It’s been almost six years since I wrote Jazz. It took me two weeks to write. Listening to the same song over and over again, not bothering to eat days on end, I wrote it with nothing else in mind but to get it all out of my head. Like a dream. It was no longer safe behind my eyelids.
But then I got it published and… well… people have all sort of ideas about what it is and what it all means and stuff like that. This is what this post is about, actually.
Because there are some people who think Jazz is an unrequited love story. They say it with the same kind of sympathy one has for Romeo and Juliet. As if cynicism has evaporated from the universe and my main character is simply unlucky and unloved – as if there’s some sort of beauty to be found in this predicament.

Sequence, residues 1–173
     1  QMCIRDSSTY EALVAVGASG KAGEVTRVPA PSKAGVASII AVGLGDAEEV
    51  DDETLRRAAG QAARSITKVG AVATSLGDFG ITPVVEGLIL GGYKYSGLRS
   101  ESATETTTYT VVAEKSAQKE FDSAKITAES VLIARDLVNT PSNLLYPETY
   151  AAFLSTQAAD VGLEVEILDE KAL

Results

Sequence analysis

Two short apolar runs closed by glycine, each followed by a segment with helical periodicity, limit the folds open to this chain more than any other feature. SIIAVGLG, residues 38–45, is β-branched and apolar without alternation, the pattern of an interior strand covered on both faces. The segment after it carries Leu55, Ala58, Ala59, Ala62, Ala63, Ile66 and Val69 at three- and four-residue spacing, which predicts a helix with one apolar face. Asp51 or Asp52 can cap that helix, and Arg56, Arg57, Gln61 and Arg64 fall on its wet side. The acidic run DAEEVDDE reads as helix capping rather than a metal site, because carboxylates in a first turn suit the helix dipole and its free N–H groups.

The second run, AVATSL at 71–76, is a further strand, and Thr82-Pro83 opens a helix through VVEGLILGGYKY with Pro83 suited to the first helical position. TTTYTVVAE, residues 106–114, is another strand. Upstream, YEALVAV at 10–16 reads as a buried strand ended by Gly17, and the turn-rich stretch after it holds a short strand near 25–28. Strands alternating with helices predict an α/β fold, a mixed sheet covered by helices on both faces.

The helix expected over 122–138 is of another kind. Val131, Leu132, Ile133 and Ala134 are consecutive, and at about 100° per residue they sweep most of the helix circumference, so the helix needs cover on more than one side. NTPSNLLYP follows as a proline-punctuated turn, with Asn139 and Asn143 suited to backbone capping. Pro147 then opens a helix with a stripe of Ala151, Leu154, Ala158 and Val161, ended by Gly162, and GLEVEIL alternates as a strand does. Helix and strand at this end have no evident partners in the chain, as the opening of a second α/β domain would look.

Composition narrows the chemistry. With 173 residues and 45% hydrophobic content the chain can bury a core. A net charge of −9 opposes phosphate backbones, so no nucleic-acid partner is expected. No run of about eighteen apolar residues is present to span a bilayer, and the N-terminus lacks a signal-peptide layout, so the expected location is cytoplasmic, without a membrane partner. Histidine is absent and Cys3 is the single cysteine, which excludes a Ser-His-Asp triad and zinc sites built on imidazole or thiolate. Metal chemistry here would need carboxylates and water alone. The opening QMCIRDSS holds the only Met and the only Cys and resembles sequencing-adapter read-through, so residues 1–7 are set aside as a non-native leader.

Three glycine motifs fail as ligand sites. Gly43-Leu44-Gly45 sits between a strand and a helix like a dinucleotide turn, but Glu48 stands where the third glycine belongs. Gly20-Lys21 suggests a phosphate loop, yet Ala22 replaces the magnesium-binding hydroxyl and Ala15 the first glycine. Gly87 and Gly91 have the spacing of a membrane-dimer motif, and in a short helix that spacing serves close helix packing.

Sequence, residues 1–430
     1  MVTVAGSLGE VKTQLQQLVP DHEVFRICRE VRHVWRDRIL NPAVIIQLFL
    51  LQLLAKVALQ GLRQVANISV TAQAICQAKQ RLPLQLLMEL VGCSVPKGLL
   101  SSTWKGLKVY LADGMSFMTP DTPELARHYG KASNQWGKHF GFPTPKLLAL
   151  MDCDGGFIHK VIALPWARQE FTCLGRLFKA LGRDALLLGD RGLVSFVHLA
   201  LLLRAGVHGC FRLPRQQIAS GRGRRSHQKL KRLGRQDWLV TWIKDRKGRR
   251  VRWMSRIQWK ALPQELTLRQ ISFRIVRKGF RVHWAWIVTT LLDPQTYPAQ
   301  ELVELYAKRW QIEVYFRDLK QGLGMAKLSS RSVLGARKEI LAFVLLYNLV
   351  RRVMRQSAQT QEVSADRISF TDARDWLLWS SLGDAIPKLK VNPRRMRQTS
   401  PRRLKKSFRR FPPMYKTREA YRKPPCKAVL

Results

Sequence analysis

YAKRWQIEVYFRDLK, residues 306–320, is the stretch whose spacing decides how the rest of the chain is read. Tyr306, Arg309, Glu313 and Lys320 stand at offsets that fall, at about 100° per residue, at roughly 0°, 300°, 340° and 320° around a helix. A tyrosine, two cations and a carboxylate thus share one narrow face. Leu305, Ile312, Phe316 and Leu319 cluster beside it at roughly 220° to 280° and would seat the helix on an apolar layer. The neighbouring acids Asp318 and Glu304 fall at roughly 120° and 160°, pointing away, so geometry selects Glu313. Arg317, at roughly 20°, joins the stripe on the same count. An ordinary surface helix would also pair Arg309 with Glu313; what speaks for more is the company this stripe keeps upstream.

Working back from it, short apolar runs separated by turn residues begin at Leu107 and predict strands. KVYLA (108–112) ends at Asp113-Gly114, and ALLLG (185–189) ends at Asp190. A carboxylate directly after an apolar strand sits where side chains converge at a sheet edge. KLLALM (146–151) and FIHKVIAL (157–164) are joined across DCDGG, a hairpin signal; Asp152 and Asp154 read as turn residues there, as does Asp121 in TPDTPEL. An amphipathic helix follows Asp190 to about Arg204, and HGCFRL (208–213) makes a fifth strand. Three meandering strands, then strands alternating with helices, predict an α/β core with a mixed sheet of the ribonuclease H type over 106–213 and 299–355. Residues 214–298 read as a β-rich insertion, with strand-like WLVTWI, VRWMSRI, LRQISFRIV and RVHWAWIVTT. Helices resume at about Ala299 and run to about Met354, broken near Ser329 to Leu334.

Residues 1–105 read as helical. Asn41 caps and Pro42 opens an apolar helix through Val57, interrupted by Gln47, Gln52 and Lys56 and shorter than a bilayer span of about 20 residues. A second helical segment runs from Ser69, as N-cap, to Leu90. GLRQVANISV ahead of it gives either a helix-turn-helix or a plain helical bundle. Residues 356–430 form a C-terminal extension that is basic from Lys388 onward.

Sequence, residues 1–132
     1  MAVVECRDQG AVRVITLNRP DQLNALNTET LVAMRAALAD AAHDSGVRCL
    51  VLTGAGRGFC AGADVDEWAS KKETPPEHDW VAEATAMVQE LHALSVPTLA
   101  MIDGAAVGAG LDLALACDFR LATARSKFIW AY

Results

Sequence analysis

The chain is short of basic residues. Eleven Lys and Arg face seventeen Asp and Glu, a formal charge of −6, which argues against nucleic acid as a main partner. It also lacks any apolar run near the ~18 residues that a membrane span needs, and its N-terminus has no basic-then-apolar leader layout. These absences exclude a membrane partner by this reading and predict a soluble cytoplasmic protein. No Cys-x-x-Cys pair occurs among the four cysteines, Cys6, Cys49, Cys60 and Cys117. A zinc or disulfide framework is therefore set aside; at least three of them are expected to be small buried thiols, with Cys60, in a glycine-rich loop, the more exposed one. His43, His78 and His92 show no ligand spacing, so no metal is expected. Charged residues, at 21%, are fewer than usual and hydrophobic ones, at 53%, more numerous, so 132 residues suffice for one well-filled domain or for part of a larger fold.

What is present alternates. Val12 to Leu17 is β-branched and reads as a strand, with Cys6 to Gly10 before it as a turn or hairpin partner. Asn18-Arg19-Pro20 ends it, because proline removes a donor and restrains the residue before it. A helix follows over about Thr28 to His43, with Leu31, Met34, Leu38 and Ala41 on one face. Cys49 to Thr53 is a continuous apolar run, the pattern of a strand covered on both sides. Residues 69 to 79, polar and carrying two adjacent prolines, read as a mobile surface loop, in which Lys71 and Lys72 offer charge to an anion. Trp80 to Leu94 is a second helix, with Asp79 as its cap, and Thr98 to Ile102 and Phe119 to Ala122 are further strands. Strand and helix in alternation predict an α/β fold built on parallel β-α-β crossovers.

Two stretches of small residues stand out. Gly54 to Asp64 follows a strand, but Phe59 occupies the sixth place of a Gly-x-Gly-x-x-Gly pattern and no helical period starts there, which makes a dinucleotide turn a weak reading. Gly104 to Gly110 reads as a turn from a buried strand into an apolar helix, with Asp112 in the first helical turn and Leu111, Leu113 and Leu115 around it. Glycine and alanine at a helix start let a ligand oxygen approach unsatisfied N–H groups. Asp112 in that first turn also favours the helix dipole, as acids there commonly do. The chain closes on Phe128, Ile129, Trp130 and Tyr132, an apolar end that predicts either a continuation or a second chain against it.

Maybe there is.
Most probably, there isn’t.
What I am trying to say is this: any love story that breaks your heart is not a love story. It is a side of reality that we often find ourselves being unable to accommodate into our lives. When we become reflective to the point of being removed from the realities of life, we also find ourselves trapped by this burning exhaustion: it is too much and we can’t possibly handle it.
That’s what Chris Sommers stands for. The man who is at the crossing between what he understands of reality and what he doesn’t want to. He cannot forge himself the reality that would suit him best, but he cannot exist in the reality that is presented to him. And, yet.. yet… he does what he can to achieve what he lacks.
A micro-novel at best, Jazz isn’t long enough for us to see the transformation, the way an idealist become a cynic. There’s but one phrase, toward the very end, used to describe the woman he has always been so much in love with. A sacrilege.